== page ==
While property technology, or proptech, carries the potential to transform commercial real estate, it's still unfamiliar territory for many practitioners.
“Proptech can be very confusing,” says Frank Spadafora, technology director for Cushman & Wakefield Investor Services in Pittsburgh. “The velocity can be overwhelming and can create analysis paralysis. One of the biggest challenges is the hype - how do you separate the wheat from the chaff? How do you identify startups that address key questions, have the right technology, and have the right business model?”
Every proptech decision is all about data, which, Spadafora says, is used in a three-stage journey: hindsight, insight, and foresight. Hindsight focuses on capturing existing data “at every point of service,” so the collected data can provide insight - and a wider band of information - through connections with other data and research.
After establishing foundational components, practitioners can move to foresight - predictive analytics, in this case. “We can look at what mass data sets are out there and how we tap those,” he says. “It's still about connectivity, but now it's about connecting to wider data sets.” Foresight also helps companies start quantifying long-held assumptions. “How can we get down to the data that would let us be specific, so we can really help our clients manage risk and identify opportunities? If you're just using a rule of thumb, you're missing the fine-tuning of those assumptions and where your opportunities and risks might be,” Spadafora says.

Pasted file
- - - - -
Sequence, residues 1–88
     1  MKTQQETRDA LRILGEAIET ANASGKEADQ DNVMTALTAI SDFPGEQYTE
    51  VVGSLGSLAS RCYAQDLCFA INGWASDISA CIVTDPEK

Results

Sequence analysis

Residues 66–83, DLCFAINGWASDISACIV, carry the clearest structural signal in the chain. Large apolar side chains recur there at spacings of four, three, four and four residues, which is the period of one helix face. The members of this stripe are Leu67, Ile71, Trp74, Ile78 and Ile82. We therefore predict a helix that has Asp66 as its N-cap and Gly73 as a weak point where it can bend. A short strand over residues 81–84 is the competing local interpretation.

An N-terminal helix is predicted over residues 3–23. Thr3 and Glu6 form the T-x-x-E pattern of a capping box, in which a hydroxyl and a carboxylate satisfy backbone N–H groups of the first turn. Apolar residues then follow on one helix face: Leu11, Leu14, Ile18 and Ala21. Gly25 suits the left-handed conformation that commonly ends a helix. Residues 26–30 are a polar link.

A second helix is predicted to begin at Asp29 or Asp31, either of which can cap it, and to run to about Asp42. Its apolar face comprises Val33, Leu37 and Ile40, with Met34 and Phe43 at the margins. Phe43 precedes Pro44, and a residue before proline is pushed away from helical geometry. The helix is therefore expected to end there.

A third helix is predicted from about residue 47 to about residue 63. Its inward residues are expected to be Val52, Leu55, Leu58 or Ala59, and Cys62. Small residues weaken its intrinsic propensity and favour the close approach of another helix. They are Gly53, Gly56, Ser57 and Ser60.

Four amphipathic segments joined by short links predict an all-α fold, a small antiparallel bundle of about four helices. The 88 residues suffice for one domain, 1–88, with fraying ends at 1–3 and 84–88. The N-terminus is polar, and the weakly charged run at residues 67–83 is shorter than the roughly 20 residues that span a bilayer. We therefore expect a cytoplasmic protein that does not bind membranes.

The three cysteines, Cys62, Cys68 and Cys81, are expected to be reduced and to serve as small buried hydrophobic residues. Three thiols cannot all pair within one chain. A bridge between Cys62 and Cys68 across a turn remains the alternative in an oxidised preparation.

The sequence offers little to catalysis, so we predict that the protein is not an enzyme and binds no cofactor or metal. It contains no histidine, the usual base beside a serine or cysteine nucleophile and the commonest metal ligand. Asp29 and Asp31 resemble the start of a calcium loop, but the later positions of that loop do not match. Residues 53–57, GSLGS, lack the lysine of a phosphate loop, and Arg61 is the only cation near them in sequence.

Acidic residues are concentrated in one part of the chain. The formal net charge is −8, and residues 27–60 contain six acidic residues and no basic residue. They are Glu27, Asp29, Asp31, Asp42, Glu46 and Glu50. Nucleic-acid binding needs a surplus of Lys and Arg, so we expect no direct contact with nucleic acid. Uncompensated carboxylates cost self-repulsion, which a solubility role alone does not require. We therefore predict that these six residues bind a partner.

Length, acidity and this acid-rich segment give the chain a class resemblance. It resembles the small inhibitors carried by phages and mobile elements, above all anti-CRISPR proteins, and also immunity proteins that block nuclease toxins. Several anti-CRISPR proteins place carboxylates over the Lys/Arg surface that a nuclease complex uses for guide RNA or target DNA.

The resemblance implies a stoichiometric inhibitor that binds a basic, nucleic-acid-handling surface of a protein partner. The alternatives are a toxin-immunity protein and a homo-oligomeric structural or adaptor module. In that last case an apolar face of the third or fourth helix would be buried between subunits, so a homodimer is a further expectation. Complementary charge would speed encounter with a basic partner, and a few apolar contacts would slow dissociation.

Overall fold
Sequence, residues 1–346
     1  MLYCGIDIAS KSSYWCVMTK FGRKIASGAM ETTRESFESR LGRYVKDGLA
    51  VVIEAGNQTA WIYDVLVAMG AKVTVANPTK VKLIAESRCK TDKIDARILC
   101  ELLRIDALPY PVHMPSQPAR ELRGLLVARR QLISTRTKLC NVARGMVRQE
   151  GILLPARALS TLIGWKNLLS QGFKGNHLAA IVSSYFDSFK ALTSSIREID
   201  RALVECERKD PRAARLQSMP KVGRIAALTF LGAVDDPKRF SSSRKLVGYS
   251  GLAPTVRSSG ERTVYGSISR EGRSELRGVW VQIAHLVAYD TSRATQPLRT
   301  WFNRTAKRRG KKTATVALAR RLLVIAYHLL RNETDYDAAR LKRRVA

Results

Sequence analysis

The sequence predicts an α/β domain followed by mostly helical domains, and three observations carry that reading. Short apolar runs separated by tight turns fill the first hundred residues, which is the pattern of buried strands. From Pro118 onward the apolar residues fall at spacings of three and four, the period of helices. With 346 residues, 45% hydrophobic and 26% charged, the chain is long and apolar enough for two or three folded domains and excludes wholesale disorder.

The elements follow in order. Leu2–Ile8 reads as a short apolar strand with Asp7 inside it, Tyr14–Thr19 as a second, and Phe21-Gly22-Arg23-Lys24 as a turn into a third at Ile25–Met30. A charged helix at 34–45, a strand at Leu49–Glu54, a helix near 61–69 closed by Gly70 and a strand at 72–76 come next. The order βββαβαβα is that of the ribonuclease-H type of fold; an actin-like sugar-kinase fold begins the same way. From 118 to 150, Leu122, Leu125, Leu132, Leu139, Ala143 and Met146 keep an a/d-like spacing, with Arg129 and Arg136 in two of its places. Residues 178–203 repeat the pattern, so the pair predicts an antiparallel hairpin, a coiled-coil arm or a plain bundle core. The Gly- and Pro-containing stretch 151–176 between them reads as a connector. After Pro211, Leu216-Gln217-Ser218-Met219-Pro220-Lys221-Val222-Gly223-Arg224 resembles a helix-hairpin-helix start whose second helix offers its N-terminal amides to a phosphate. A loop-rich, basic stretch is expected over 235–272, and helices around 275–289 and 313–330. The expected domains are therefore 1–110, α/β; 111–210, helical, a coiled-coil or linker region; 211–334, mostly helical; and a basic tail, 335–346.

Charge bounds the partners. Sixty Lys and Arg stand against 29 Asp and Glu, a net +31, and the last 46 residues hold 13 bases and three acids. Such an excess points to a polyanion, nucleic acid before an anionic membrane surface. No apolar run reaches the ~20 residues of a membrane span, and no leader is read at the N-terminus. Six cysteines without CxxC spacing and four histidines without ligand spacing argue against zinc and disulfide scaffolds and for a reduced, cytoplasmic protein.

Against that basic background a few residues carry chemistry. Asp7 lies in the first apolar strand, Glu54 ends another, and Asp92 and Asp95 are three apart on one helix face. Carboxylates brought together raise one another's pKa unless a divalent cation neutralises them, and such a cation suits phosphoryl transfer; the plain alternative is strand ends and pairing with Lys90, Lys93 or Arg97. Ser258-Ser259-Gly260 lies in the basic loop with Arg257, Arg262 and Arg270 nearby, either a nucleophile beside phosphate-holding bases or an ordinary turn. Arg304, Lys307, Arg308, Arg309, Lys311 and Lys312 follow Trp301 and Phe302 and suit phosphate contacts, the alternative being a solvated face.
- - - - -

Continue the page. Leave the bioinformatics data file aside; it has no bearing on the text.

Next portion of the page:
The opportunity in proptech, he says, is the ability to advise clients on how to cut through the chaff and create that connectivity. In response, C&W has developed a partner-first model “where we work with our service lines to understand the key questions that our clients need to answer,” Spadafora says. “We help them focus not only on what's possible, but also what's most important and how you define that. We then help funnel the overall proptech landscape. We've tried to create a standard process that identifies the right proptechs based on the client's needs and helps us align it with either established preferred vendors or potential new partners.”
Plunging into proptech, Spadafora says, “depends on a client's sophistication, appetite for risk, and the internal staff to manage and integrate data.” Some clients would like to see a one-stop shop, while others are eager to focus on data-related functions.
“Historically, stickiness with the client in the capital market space was about relationships - the ability to offer complementary services and cross-sell,” Spadafora says. “Traditionally, we relied on our brokers to create that stickiness. Now we're looking to advise our clients on proptech solutions to help them take all that integrated data and drive insights. Then eventually, we can help them actually create predictive/prescriptive use.”
“That competency around understanding the data - where it gets created, what point solutions might be well-suited for the client, and then being able to advise them on how you drive that for decision-making - to me, that's as important as the relationships we build now with clients.”